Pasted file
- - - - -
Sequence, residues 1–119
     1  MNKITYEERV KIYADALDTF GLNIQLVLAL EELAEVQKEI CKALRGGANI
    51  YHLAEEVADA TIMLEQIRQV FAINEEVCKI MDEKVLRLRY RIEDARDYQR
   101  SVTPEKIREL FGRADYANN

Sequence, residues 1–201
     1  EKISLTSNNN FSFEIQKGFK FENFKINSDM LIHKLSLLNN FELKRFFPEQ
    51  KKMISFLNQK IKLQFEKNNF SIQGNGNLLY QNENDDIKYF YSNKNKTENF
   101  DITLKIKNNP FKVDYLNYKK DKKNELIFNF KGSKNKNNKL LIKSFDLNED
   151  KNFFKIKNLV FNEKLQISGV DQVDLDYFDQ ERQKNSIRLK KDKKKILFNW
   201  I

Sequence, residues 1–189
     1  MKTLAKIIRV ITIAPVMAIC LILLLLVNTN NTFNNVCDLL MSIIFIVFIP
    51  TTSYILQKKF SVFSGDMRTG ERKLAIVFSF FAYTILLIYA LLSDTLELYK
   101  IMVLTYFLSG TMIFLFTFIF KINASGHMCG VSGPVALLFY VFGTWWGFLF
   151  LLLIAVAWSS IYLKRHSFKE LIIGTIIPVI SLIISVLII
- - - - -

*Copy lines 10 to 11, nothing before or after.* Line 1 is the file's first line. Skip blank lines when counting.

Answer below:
   201  I

Sequence, residues 1–189